Ministerial panel was set up to weigh options for Oxley Rd house

Ministerial panel was set up to weigh options for Oxley Rd house
The Oxley Road residence, which was the family home of the late Prime Minister Lee Kuan Yew. Photo: Jason Quah/TODAY
Published: 6:32 PM, June 14, 2017
Updated: 11:58 PM, June 14, 2017

SINGAPORE — A ministerial committee had been set up by the Cabinet to weigh the various options for the family home of late founding Prime Minister Lee Kuan Yew at 38 Oxley Road, Cabinet Secretary Tan Kee Yong confirmed on Wednesday (June 14).

The committee, he said, will list out the various options and implications for the house, where Mr Lee had lived since the 1940s until his death in March 2015. It had looked into various aspects of the issue, “including the historical and heritage significance of the house, as well as to consider (the late) Mr Lee’s thinking and wishes in relation to the house”. 

“This will help a future Government when a decision needs to be taken about the house,” Mr Tan said in a statement. He added that the committee had made clear, following a query from Dr Lee Wei Ling and Mr Lee Hsien Yang — the siblings of Prime Minister Lee Hsien Loong — that the Government “has no intention of doing anything with the house as long as Dr Lee continues to reside there”.

The statement gave no further details about the committee’s deliberations or when it was set up. 

Dr Lee and Mr Lee Hsien Yang first hinted at the existence of the committee in a joint statement put up on Facebook in the wee hours of Wednesday morning. 

They said they were informed by National Development Minister Lawrence Wong in July last year that a Ministerial Committee had been set up to “consider options with respect to 38 Oxley Road and their implications”. 

They also alleged that PM Lee had made “extensive representations” to the committee, despite his undertakings to recuse himself from the matter. 

In his statement, Mr Tan clarified that PM Lee had not been involved in the Cabinet’s discussions with regard to the Oxley Road committee. “As (PM Lee) had previously stated, he has recused himself from all Government decisions concerning the house,” Mr Tan added. 

Nevertheless, the committee had sought the opinions of the late Mr Lee Kuan Yew’s children, to see if they had further comments beyond what they had said in public previously. “Mr Lee Hsien Loong’s views were sought in his personal capacity, given his position as Mr Lee Kuan Yew’s eldest son and his interest as a beneficiary of the estate,” the Cabinet Secretary said. 

The late Mr Lee had expressed the wish, on several occasions, to demolish the family home on Oxley Road after his death. Dr Lee and Mr Lee Hsien Yang, who are the executors and trustees of the late Mr Lee’s will, said their father had given them clear instructions directly and in his will — dated Dec 17, 2013 — to demolish the house immediately after his death, or after Dr Lee moved out.

Mr Tan said the committee had, in the course of its work, “received representations from (PM Lee) on various facts and circumstances in relation to how Mr Lee’s last will was prepared”. 

“The committee has asked Dr Lee Wei Ling and Mr Lee Hsien Yang some further questions about how the last will was prepared, and the role that Mrs Lee Suet Fern and lawyers from her legal firm played in preparing the last will,” Mr Tan added. Mrs Lee Suet Fern is the wife of Mr Lee Hsien Yang, and the managing partner of law firm Morgan Lewis Stamford.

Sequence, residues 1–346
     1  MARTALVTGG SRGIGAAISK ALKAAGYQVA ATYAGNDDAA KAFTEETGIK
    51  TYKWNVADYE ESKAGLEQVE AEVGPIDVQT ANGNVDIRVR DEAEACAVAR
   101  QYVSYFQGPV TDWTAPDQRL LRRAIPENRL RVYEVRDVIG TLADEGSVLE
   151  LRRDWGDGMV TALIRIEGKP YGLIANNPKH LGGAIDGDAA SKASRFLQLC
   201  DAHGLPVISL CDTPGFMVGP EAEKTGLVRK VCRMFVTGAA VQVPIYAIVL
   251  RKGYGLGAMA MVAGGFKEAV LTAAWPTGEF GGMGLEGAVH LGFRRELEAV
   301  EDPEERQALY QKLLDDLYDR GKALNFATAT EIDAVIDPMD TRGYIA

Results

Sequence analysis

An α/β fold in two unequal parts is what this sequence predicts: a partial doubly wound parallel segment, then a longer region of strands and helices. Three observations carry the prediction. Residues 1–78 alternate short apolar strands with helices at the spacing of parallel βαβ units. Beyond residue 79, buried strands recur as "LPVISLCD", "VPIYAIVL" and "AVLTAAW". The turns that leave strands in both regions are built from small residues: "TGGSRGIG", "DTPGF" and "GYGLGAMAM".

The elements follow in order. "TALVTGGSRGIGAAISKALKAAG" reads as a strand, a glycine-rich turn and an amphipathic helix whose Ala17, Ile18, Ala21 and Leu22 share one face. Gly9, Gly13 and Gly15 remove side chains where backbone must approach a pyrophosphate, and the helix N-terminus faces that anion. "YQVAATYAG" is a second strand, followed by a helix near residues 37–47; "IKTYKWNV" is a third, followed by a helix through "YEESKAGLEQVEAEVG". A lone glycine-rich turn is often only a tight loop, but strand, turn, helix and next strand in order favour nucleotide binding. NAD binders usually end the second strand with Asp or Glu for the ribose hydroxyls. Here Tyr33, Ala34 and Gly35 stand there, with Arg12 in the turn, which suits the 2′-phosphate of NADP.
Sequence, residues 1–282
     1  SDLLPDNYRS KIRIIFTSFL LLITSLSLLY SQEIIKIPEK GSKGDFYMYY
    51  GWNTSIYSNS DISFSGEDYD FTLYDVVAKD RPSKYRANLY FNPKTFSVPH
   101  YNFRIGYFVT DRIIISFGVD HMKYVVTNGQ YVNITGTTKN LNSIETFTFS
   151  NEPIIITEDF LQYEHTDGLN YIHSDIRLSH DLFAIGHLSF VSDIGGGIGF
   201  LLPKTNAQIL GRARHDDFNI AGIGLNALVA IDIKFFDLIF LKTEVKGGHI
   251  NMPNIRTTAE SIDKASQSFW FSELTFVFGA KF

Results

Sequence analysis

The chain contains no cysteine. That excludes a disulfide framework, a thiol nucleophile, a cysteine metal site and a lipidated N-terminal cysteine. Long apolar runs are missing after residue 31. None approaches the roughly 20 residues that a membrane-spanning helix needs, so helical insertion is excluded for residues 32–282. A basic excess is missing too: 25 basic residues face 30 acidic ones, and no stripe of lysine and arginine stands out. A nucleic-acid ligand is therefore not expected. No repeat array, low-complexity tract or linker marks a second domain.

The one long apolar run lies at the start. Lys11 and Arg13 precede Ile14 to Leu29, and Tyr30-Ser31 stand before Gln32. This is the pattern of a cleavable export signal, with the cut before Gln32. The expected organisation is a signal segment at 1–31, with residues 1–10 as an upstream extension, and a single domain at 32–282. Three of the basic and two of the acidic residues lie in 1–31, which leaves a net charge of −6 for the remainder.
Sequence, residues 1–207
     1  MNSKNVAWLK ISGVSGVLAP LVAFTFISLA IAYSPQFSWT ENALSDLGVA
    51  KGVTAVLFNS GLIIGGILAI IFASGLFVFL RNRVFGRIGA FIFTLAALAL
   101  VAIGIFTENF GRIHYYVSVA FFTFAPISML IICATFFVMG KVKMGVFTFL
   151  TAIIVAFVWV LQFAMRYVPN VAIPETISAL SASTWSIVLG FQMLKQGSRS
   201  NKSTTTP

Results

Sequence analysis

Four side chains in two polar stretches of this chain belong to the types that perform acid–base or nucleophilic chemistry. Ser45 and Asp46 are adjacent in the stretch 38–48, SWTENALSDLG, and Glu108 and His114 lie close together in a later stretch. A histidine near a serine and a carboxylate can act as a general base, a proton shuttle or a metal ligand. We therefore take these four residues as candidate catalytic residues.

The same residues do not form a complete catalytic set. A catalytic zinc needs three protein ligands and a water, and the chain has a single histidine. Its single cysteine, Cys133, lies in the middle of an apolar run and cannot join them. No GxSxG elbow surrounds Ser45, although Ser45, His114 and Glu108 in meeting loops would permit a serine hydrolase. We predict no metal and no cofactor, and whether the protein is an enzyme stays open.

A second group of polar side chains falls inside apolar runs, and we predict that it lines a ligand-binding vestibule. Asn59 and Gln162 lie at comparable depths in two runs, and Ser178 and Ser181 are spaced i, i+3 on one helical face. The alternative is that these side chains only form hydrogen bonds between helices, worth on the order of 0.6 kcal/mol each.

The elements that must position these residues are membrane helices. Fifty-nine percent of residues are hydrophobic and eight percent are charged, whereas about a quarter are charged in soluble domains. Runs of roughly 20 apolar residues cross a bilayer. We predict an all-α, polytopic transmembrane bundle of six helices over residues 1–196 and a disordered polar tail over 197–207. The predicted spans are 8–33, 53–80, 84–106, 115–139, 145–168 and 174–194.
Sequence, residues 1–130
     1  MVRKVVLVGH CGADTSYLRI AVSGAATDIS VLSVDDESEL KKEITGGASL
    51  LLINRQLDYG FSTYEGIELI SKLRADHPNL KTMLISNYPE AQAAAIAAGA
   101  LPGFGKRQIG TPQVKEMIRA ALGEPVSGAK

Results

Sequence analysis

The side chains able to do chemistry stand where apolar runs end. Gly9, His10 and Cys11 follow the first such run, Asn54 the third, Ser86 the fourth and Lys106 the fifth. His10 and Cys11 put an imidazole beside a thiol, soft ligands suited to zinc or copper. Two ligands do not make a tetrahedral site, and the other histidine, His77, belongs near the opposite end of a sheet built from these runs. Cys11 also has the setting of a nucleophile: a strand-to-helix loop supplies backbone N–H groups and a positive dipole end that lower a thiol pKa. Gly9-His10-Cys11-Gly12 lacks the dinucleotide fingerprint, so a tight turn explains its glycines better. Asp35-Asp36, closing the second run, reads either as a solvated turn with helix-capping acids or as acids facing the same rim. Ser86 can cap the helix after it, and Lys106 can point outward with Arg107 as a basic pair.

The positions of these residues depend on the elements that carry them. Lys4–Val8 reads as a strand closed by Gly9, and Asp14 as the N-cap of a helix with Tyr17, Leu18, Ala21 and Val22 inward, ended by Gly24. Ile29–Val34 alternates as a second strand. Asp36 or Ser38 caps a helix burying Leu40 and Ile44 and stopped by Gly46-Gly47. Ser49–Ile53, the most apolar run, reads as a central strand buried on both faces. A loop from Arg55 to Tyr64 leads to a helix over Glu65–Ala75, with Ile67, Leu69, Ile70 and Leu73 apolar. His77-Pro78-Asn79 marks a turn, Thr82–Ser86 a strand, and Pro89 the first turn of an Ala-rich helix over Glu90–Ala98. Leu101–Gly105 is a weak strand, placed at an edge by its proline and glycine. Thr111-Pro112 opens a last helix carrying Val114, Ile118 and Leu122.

The committee had invited Dr Lee and Mr Lee Hsien Yang to give their responses via a statutory declaration, as PM Lee had done. “Dr Lee Wei Ling and Mr Lee Hsien Yang have not responded to date, and have indicated that if they respond at all, they will only be able to reply at the earliest by the end of June,” Mr Tan said.


A settlement involving their Oxley Road family home was reached in late 2015 among the three children of late founding Prime Minister Lee Kuan Yew.

The terms of the settlement were disclosed by Dr Lee Wei Ling and Mr Lee Hsien Yang in their joint statement put up in the wee hours of Wednesday morning.

According to the statement, the settlement was initiated by PM Lee Hsien Loong in May 2015, and involved him giving an undertaking that he would recuse himself from all government decisions, and that in his personal capacity, he would like to see his father’s wish honoured. 

Following Mr Lee Kuan Yew’s death on March 23, 2015, PM Lee told Parliament weeks later that although he would like his father’s wishes to be carried out, the matter would be for the Government of the day to consider. 

He also said that he had recused himself from all government decisions involving 38 Oxley Road, but no immediate decision on whether the house will be demolished will be made by the Government, as Dr Lee will continue to live there. 

As part of the settlement, Mr Lee Hsien Yang would also pay PM Lee full market value for the house, and donate an additional half the value of the house to charity. 

In return, Dr Lee and Mr Lee Hsien Yang sought a joint public statement by all three siblings expressing hope that the Government will honour Mr Lee Kuan Yew’s wish for the house to be demolished, and that all Singaporeans will support their cause. 

On Dec 4, 2015, the three siblings issued a public statement which said that PM Lee and Mr Lee Hsien Yang will each donate half the value of the home to eight charities: Education Fund, NTUC-U Care Fund, Garden City Fund, Chinese Development Assistance Council, Mendaki, Association of Muslim Professionals, Singapore Indian Development Association, and the Eurasian Association. 

No details on the value of the house or when Mr Lee Hsien Loong and Mr Lee Hsien Yang would make the donation were provided in the announcement then.